Abstract content <br>(Max 300 words)<br><a href="http://indico.saip.org.za/getFile.py/access?resId=0&materialId=2&confId=28" target="_blank">Special Chars</a>
High resolution in-vivo retinal imaging of small animals is becoming an increasingly important tool in developmental biology and vision science. It is especially attractive for studying temporal changes in animal models of retinal diseases and for monitoring disease progression in response to different risk factors or treatments. To achieve the best possible resolution of retinal structures for precise monitoring and quantification of changes at cellular resolution, one has to measure and compensate for ocular aberrations of the mouse eye over a large pupil. The mouse eye with dilated pupil has a numerical aperture (NA) 2.5X that of the human eye, enabling the possibility of imaging with optical coherence tomography (OCT) or scanning laser ophthalmoscopy (SLO) at resolutions much higher than available in human eyes.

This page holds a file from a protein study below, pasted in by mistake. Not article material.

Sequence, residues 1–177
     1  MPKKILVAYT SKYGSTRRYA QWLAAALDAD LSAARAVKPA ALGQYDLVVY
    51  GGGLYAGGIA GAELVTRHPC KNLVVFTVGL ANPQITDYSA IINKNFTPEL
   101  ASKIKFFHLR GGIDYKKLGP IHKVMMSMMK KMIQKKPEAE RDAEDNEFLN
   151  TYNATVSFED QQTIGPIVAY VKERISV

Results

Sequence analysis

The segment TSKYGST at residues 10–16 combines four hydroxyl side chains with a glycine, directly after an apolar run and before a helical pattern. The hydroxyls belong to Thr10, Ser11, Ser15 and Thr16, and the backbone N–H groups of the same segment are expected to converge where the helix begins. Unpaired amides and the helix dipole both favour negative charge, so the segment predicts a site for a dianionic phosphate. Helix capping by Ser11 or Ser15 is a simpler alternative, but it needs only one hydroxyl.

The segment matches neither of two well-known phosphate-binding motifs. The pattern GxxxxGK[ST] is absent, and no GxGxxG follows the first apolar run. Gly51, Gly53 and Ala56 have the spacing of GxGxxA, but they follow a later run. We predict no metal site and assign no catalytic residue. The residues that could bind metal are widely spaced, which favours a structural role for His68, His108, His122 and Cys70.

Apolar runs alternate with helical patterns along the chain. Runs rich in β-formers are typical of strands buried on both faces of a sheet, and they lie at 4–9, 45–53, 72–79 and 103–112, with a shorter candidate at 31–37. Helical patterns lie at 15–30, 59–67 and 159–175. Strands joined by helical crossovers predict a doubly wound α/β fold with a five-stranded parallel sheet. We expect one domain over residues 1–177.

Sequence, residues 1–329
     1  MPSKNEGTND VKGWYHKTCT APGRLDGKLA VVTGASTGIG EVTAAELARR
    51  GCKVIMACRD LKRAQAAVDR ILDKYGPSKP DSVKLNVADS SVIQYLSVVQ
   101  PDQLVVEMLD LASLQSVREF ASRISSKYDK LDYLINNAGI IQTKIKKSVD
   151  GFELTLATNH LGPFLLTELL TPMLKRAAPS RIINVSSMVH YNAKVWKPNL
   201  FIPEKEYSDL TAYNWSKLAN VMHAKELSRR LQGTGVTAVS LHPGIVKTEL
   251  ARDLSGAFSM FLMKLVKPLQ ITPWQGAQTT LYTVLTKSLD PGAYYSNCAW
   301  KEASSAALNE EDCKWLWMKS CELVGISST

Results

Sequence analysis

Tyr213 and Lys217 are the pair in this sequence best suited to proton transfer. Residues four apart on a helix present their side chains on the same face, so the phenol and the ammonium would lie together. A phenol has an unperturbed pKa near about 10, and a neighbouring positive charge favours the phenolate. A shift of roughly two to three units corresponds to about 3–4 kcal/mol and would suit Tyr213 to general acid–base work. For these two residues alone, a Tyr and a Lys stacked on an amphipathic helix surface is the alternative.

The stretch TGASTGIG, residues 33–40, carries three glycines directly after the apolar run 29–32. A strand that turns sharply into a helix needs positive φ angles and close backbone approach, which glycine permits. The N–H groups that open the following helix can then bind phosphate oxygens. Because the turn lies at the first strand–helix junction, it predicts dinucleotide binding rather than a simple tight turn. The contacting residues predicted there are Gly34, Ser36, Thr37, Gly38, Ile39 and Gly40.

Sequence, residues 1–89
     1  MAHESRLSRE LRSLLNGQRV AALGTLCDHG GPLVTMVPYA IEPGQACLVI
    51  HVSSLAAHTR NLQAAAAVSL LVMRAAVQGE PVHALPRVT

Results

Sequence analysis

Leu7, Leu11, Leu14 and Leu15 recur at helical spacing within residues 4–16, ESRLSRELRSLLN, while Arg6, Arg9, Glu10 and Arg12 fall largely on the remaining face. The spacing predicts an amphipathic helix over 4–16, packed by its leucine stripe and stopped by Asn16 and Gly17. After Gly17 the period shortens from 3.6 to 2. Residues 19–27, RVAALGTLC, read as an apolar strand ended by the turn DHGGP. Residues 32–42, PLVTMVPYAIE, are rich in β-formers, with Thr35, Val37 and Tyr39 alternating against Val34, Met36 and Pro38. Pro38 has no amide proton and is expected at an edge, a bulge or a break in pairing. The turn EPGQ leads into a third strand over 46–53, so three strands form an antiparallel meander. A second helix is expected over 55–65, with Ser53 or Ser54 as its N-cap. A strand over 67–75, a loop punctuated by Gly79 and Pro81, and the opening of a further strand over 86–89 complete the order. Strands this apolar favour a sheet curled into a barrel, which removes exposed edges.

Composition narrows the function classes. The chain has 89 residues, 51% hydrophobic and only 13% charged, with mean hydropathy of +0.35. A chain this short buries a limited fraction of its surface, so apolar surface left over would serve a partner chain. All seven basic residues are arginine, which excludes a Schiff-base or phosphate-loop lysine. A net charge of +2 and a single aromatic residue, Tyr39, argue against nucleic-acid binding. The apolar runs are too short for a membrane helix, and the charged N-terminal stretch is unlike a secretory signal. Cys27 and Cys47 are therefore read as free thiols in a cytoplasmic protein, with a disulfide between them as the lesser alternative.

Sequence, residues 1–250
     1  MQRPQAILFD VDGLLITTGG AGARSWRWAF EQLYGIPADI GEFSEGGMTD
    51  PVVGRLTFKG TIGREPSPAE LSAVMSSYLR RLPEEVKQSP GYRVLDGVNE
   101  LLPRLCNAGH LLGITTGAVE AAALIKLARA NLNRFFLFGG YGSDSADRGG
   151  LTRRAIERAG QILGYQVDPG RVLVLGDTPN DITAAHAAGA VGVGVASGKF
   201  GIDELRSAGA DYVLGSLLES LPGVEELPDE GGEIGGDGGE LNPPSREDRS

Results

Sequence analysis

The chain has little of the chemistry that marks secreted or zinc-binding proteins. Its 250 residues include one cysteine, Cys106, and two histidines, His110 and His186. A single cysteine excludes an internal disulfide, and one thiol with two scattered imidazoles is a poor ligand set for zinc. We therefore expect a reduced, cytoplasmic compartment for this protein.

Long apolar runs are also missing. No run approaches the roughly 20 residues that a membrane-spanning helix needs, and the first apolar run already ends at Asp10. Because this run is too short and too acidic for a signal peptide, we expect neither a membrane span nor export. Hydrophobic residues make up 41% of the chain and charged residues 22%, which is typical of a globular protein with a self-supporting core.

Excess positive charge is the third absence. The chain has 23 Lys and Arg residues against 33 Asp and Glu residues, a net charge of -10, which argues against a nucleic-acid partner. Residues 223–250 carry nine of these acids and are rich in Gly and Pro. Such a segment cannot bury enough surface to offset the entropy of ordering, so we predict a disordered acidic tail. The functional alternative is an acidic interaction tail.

In our prototype instrument, we used Iris AO adaptive optics (AO) system that includes the PTT111 deformable mirror (with inscribed aperture of 3.5 mm consisting of 37 hexagonal segments and 5 um stroke (tip/tilt/piston)) and Hartmann-Shack wavefront sensor (WFS) with 37 lenslets, working in a 1:1 optical mapping of DM segments to WFS lenslets. We evaluated performance of this system by measuring and correcting aberrations of the mouse eye. Additionally, images of the microscopic morphology of the retina in-vivo have been acquired with both AO-OCT and AO-SLO modalities. During imaging, mice were anesthetized by inhalation of 2-3% isoflurane delivered in oxygen.
Measurements of the wavefront error from a typical mouse eye with fundus contact lens and the best focus (AO off) was on the order of 200nm RMS error. By activating the AO system, the measured wavefront was reduced to < 50nm RMS error. This corresponds to diffraction-limited imaging as defined by RMS error < λ/14. Representative images of the mouse retina will be presented. Application of general anesthesia allowed for relatively long imaging sessions of up to 60 minutes without producing adverse effects. Additionally, several measurements of the same animals were performed every other day with no negative effects on the mouse.